Every proxy object has a parent module. The parent module usually exposes methods for creating its child proxy objects, like the Ti.UI module provides a Ti.UI.createButton method to create a Ti.UI.Button object.

# Views and view proxies

For UI components, there are some additional classes you'll need to use. A view proxy is a special proxy type that extends TiViewProxy, which has additional properties and methods specific to the Titanium UI system. Each view proxy has a corresponding Titanium view type, which extends the TiUIView class. The view proxy provides a way for applications to interact with the view from JavaScript. The view object itself may be created and destroyed as needed – for example, the controls in a window don't need to be instantiated until the window is opened.

There are several special features about view and view proxies:

  • When you set a property on the view proxy, the underlying native view may not exist. Therefore, the view proxy is responsible for maintaining the properties.

  • When a view is created, it is initialized with the current set of properties stored by the view proxy.

  • When a view proxy's properties are updated, the view is updated as well.

# Converting between JavaScript and native objects

When you pass an object to a native method, or return an object from a native method or property to JavaScript, objects must be converted from JavaScript objects to native objects, and vice-versa.

Each native platform has its own set of helpers for converting between JavaScript objects and native objects. However, there are some similarities on both platforms:

  • Primitive values, such as numbers, strings and arrays can be converted to their equivalent values.

  • Plain JavaScript objects can be converted to native dictionary objects (Java HashMap or Objective-C NSDictionary, for example).

  • More complex types can be passed by creating a special proxy class to represent them.

# Events and callbacks

When performing an asynchronous operation, you can send data back to the JavaScript layer using events or callbacks.

  • An event results in an event listener function being called on all registered listeners.

  • A callback invokes a specific JavaScript function.

Because events can have multiple registered listeners, they are somewhat more flexible than callbacks.

# Threading

JavaScript is inherently single-threaded; it provides no mechanisms for synchronizing between multiple threads. However, the native platforms support multiple threads. In both iOS and Android, an application has a single main thread (or UI thread), which is the only thread allowed to interact with native UI elements. This thread is separate from the JavaScript runtime thread, so both iOS and Android provide methods for executing code on the main thread. Doing anything time-consuming on the UI thread can cause the UI to freeze up, so you should only use the UI thread when necessary:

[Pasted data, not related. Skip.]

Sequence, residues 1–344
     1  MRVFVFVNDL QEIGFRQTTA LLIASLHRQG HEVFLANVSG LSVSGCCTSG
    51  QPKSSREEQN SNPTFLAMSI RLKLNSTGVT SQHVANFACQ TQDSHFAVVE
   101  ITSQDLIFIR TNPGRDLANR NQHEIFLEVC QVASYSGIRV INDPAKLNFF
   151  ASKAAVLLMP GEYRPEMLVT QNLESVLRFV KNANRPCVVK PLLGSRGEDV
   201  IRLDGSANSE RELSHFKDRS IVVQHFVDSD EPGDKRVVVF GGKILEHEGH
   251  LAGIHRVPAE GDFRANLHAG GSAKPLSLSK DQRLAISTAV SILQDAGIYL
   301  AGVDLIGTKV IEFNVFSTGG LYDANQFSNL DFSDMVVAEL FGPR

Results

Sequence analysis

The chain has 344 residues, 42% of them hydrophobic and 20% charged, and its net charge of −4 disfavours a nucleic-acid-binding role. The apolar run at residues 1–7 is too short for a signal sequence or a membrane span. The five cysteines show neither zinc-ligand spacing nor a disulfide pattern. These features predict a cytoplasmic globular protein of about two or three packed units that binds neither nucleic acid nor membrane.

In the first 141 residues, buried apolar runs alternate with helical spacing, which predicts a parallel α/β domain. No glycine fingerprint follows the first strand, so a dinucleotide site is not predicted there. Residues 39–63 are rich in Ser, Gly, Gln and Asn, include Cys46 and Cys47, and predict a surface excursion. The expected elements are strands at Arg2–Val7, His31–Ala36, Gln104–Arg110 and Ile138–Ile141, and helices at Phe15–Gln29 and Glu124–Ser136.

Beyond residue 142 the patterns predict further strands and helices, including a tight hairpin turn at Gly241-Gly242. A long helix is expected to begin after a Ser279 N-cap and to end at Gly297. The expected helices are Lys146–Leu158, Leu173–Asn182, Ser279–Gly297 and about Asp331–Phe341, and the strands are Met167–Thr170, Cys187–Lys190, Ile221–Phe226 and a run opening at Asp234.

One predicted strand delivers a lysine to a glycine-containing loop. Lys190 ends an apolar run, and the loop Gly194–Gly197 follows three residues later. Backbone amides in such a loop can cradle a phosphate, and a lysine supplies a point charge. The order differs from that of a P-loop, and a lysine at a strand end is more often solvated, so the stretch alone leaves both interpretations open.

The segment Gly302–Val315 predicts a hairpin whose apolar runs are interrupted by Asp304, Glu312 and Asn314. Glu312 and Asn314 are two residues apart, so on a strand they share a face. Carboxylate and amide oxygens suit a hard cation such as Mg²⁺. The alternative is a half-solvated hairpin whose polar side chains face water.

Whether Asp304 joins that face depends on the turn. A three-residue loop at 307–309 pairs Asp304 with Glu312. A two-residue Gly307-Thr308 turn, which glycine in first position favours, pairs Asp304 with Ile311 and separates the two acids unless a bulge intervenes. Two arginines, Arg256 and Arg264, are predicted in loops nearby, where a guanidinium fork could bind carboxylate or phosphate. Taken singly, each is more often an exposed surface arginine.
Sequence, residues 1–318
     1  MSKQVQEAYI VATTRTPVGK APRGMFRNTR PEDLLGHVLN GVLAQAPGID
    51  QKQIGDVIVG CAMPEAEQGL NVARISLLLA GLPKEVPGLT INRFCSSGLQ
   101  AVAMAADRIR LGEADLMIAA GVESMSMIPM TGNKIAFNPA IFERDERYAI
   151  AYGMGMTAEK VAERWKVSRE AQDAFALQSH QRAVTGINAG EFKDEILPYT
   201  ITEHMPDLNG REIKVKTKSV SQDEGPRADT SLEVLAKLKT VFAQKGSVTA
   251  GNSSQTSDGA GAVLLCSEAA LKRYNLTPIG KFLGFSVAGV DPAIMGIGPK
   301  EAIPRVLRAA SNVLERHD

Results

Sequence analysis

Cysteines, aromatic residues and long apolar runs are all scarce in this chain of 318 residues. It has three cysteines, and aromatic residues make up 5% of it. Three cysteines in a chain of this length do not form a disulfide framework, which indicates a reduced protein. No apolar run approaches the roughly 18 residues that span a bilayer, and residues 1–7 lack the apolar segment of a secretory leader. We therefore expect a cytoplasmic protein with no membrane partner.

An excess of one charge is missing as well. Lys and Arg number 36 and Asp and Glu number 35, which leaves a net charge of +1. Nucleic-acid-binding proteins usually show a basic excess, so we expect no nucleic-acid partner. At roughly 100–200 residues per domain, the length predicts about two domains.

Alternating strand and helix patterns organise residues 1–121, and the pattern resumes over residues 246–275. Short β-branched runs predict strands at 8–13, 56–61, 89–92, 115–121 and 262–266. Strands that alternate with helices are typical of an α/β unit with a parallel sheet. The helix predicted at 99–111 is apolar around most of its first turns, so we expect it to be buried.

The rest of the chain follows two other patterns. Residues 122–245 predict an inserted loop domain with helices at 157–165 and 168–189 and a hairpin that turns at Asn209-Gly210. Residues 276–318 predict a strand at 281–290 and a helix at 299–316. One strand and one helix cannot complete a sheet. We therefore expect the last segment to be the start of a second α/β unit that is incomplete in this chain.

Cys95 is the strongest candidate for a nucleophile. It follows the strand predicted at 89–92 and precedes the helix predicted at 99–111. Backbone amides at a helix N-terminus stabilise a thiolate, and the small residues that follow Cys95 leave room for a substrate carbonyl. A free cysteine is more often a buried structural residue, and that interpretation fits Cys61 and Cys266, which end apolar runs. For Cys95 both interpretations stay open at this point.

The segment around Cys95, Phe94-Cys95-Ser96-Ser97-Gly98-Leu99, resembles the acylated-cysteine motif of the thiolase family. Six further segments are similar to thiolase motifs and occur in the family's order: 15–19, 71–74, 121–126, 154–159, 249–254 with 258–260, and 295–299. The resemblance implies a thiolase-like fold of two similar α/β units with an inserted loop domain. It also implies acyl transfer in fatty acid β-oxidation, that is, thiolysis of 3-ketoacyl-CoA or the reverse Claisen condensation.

• Use the UI thread when directly manipulating native UI elements.

  • Avoid blocking the UI thread for any reason.

When performing a long-running task in native code, you can spawn a thread or use a native API that is asynchronous. You can deliver results back to the JavaScript runtime thread by calling a callback method or firing an event. Callback functions and event listeners are invoked on the JavaScript runtime thread.

⚠️ Warning

On the iOS platform, each JavaScript context operates in its own thread. If you create a Window using the url property, the window runs in a separate context and in a separate thread. For this reason, when communicating between JavaScript contexts on iOS, you should only pass serializable JavaScript objects, not functions or proxy objects.

When calling a callback from a module, the callback is invoked on the appropriate JavaScript runtime thread. When you fire an event from your module, the event listener function is called on the thread where the listener was added. (Potentially, this means that the same event could be delivered on multiple threads if your application has multiple contexts, each with a listener defined for that event.)

# Packaged JavaScript and hybrid modules

To package JavaScript as a native module, create a JavaScript module named <module-id>.js in the module's assets folder. The APIs exported by this module form the API of the packaged module.

For Android and iOS modules, the module must be formatted as a CommonJS module.

You can place additional JavaScript CommonJS modules in the assets folder and import them into your main module using require.

If your module includes both JavaScript and native code, the native and JavaScript module contents are merged when the module is packaged. For example, if your native module exposes a createView method, and you have a JavaScript module that exposes a animateView method, both of these methods are available on your module:

var myModule = require("com.example.module");
var view = myModule.createView({ width: 200, height: 200 });